Time has come for Garvey’s posthumous exoneration
As we join in the observation of Martin Luther King Day, on Monday, January 17, the P. J. Patterson Centre for Africa Caribbean Advocacy adds its voice to the call once again for the posthumous exoneration of the Right Excellent Marcus Garvey.
No one has devoted more of his life to the fight for freedom from the scourge of racism or written with greater clarity to inspire those who seek no more than the right for the dignity of each and every human being, despite the colour of one’s skin, than the Rt Excellent Marcus Mosiah Garvey.
Martin Luther eloquently expressed the significance of Marcus Garvey when he stated, “Marcus Garvey was the first man of colour in the history of the United States to lead and develop a mass movement. He was the first man, on a mass scale, and level, to give millions of Negroes a sense of dignity and destiny, and make the Negro feel that he was somebody … . He gave to the millions of Negroes in the United States a sense of personhood, a sense of manhood and a sense of somebodiness … that God’s black children are just as significant as His white children.”
The year 2022 marks 100 years since Marcus Garvey was unjustly charged for mail fraud and was later imprisoned and deported from the United States in 1927.
The criminal charge of using the mail to defraud was made against four officers of the Universal Negro Improvement Association (UNIA), one of whom had lied about the purchase of a ship when negotiations had broken down. It was in promoting shares for one of the Black Star Line ships, the purchase of which had not yet been finalized, that, in 1922, Garvey alone was charged with mail fraud.
He was sentenced to five years in prison in 1925. His sentence was commuted by President Calvin Coolidge in 1927, on the advice of Attorney General John Sargent who was critical of J. Edgar Hoover’s investigative tactics, but the goal of getting Marcus Garvey out of the United States was achieved.
Legal scholars have analysed the trial and demonstrated the abuse of justice in this case by the judge who was known to be deeply hostile to Garvey; and the principal witness, a 19-year-old temporary employee who committed perjury. The trial by an all-white jury reflected the systemic racial bias of the justice system and followed a pattern of punitive measures against Marcus Garvey. Garvey was the target of an assassination attempt in 1919.
In 1921, before his return to the United States, after a successful trip throughout Central America and the Caribbean on a Black Star Line ship, he was denied a visa to re-enter the US. The visa was granted only after protests were made.
J. Edgar Hoover employed black secret service agents to build a case to expel Garvey from the United States. A case was made against Garvey for breaking an immorality statute while travelling with his secretary Amy Jacques, to whom he was not yet married. He was also charged, unsuccessfully, with income tax violation.
Marcus Garvey was a Jamaica-born activist who had had a decisive impact on the struggle for racial equality and civil rights in the United States and Europe, and decolonisation in Africa, Latin America, and the Caribbean. It is for this reason that the Jamaican government chose him as the country’s National Hero in 1969. Garvey’s work during the first four decades of the 20th century had a global impact.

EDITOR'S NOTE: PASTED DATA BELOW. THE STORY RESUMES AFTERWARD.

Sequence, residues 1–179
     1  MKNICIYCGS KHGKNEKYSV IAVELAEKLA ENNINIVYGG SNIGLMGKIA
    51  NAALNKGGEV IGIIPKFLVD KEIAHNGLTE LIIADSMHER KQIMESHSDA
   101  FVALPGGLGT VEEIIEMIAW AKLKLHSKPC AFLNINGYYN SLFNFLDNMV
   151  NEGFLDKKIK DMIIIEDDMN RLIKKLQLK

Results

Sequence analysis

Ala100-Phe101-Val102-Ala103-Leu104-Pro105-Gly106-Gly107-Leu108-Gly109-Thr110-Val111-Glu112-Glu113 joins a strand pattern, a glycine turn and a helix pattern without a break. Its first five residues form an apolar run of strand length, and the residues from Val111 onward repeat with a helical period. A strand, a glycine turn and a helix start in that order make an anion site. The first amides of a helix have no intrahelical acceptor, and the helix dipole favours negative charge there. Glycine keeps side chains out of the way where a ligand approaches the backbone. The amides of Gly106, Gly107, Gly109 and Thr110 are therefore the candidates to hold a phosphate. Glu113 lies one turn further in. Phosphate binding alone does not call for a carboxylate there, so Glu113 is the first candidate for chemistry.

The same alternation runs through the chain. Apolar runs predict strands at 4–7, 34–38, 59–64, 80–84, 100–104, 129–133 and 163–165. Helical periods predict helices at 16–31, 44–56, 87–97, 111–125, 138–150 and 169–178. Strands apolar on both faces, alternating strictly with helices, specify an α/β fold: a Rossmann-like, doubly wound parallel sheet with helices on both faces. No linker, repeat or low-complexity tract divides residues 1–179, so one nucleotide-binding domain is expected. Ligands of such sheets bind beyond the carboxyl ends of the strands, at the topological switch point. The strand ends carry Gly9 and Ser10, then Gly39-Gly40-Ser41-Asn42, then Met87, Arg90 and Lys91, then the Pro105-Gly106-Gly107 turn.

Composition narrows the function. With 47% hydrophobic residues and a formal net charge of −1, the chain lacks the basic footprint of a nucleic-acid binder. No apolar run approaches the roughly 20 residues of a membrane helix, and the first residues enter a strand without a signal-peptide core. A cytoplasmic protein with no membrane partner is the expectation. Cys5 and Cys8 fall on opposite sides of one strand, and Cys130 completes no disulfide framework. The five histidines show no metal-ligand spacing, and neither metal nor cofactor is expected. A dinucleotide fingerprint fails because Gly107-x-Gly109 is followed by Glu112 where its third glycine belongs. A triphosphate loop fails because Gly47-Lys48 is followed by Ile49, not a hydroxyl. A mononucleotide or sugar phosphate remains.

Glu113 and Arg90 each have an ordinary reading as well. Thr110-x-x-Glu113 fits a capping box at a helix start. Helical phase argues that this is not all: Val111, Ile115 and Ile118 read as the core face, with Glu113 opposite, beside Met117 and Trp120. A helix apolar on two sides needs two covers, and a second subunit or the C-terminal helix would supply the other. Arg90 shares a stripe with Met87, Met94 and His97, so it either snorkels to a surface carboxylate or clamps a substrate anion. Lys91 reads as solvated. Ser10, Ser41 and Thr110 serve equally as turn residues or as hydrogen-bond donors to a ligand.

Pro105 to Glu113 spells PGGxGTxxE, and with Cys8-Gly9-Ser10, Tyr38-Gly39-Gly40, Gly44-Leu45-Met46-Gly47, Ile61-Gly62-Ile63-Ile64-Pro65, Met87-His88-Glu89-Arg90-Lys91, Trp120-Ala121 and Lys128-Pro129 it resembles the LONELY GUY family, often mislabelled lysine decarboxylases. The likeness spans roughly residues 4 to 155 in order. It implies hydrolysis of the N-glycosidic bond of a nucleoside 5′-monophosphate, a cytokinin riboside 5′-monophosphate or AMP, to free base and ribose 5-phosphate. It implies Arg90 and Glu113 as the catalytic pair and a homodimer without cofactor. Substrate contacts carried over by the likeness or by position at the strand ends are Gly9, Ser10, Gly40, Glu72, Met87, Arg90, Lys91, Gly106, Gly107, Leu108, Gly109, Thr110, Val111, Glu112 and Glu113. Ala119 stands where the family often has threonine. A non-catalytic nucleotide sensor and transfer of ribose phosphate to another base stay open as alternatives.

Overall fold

Kwame Nkrumah of Ghana, subsequent leaders of independent African countries and international statesmen of renown, have attested to the value of his imprint on their intellectual emancipation from the perils of mental slavery and social inequity.
On the cusp of Black History Month this February, we must not fail to recognise how Garvey kindled the candle of pride in our social heritage.
It can be traced to the Convention on the Universal Negro Improvement Association and African Communities League he organised in Madison Square Garden in 1920. Garvey brought together delegates from many parts of the world and they developed the Declaration of Rights of the Negro Peoples, a pioneering document for racial justice and human rights. The organisation sunk roots in 38 states and garnered the support of the black population, especially in the southern states.
CONTINUE TO INSPIRE
Garvey’s philosophy and teachings continue to inspire in the United States. The red, black and green flag of the UNIA was to be seen in demonstrations of the Black Lives Matter movement in 2020, particularly after the televised murder of George Floyd.
The impact of the Black Lives Matter movement and the mobilisation which followed played an important part in the election of President Joe Biden and Vice President Kamala Harris, who condemned the murder of George Floyd and systemic racism.
The Centre confidently expects that our heads of government will, as they readily did on the previous appeal, reiterate their endorsement for the posthumous exoneration of the Right Excellent Marcus Garvey in a letter now addressed directly to President Joseph Biden.
The Centre joins in the global campaign to reverse the travesty of justice against a giant whose only crime was to give legendary leadership in the struggle against racial and economic injustice.
Let our voices be heard loud and strong on the continent, across the Caribbean Sea and throughout our diaspora, as one in the plea, for the tenets of justice demand it.
P. J. Patterson is Statesman in Residence. Email feedback to firstname.lastname@example.org